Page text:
10 Tips Before You Buy a Domain Name

When it comes to picking a domain name, it’s important to help clients look beyond a mere web address for their sites. A domain name will become the anchor of a brand for years to come. Before registering a domain name, it’s essential to do the work up front to ensure it meets a client’s needs over the long run.

And to help you out, here are 10 tips to consider before you buy a domain name.

1. Check the competition

Look at the domain names of competitors and leaders in clients’ industries. Note any keywords they include and their domain extension – everything to the right of the dot (also called a TLD). A client operating a bicycle shop would likely find relevant domain names include some variation of bike, bicycle or cycle.

Once you come up with something you like, check its availability with Media Temple’s domain name search tool.

2. Make it easy to type & remember

Even if a website ranks well in searches, it’s still important to have a web address that clients can relay via word of mouth. That can mean limiting creativity a bit, as it’s very difficult to visualize and remember domains with odd spellings of words, multiple hyphens or other characters, numbers and so forth.

People should know how to type it as soon as they hear it or after a very brief explanation. In the domain industry this is commonly referred to as the “radio test.” If your client is running an ad or talking about their business over the air, how do they say the domain? Something like katz4life.com presents far more of a problem than, say, catsrock.com for a web address.

Also try to avoid words that have more than one common spelling, such as ambience (which can also be spelled ambiance). If you must use one of these, try to register an additional domain with that alternate spelling. It’s very easy to forward the variant to a primary domain, letting people find the website without confusion.

3. Avoid slang & pop culture

Imagine if today you tried appealing to a millennial demographic by using the term xtreme in a domain. You might reel in droves of fortysomethings, but the target audience would likely find that choice of words laughably outdated.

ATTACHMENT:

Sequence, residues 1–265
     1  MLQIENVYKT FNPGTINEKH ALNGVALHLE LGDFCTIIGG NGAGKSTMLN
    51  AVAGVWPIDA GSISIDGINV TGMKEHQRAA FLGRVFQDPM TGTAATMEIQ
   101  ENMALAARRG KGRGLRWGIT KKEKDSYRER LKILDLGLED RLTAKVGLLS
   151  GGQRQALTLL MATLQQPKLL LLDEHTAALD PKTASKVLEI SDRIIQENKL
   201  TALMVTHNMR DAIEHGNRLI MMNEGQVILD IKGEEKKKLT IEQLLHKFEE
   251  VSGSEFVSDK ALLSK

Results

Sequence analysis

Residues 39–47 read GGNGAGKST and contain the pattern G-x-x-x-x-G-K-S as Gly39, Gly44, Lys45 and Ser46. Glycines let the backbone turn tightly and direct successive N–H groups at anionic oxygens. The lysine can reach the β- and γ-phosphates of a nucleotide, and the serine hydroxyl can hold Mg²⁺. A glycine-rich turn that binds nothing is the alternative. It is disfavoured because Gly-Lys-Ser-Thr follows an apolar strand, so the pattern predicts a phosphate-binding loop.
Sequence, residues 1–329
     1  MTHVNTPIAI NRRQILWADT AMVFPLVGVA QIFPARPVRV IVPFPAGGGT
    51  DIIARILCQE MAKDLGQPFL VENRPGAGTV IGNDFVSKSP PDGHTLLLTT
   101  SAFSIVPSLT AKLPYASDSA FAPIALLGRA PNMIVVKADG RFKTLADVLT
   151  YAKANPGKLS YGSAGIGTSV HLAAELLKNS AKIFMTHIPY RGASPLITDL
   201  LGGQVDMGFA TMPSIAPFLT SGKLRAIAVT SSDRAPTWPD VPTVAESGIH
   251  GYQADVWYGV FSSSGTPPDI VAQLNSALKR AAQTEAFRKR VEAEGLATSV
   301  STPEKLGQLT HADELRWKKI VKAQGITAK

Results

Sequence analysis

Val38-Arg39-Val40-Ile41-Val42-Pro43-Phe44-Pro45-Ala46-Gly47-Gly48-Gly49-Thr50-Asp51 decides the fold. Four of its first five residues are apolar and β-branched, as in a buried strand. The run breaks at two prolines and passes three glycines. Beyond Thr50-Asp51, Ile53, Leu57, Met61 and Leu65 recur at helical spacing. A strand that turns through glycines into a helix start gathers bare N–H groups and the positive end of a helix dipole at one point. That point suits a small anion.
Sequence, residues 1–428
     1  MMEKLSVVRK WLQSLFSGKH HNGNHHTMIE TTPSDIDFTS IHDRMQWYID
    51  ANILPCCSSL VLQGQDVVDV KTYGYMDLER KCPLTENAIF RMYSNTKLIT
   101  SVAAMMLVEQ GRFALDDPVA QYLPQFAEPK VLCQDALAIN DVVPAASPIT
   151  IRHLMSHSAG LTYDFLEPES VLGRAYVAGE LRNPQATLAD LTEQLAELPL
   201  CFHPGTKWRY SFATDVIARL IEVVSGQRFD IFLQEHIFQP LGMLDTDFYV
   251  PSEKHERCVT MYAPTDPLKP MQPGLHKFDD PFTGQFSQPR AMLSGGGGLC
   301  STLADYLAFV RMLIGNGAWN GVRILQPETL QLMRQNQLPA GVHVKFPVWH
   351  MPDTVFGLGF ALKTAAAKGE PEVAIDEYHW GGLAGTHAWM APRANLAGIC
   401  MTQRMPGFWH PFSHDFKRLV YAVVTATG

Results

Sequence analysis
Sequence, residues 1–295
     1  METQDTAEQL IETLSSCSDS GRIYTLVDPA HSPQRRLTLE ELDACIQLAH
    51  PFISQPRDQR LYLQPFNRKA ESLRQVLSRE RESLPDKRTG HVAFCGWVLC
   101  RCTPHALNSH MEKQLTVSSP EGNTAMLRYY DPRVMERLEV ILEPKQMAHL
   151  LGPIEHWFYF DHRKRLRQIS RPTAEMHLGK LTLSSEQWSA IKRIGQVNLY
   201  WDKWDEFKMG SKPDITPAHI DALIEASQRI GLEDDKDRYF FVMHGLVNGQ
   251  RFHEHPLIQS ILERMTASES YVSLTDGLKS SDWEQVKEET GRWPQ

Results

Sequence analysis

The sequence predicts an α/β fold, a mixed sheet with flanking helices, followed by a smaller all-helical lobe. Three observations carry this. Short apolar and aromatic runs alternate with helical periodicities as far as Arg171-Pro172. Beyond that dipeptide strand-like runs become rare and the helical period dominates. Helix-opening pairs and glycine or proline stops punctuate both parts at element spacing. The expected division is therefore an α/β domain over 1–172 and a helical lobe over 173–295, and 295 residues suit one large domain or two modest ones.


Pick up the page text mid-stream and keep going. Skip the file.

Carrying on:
Planning for long-term success means picking a web address with classic appeal, not something that fades from popularity within a few years.

Similarly, avoid slang or use only slang that’s universally recognizable. With the global reach of the internet, it’s not unthinkable that you’ll attract some folks who speak English as a second language. Make it easy for them.

4. Shorter is better

As we just discussed, a good domain name is easy to remember – and shortening it helps a lot. If there are multiple words in the domain, people will need to remember all of them and the order they’re in, not to mention correctly typing the whole thing out. There aren’t many one-word domain names available today, but we’re about to go over a key strategy for finding a short domain.

5. Look beyond .com

At the time of this writing, the average length of a .com domain name hovered around 15 characters. That’s quite a mouthful, even if you break it into several words. Fortunately, the growth of the internet means new domain extensions get released regularly – and today there are nearly 300 of them.

Looking beyond .com can make the difference with a memorable domain that tells a story about what you do. For example, imagine working with a client who operates an upscale yoga studio. If you stuck with only .com for their web address, you probably wouldn’t have much luck.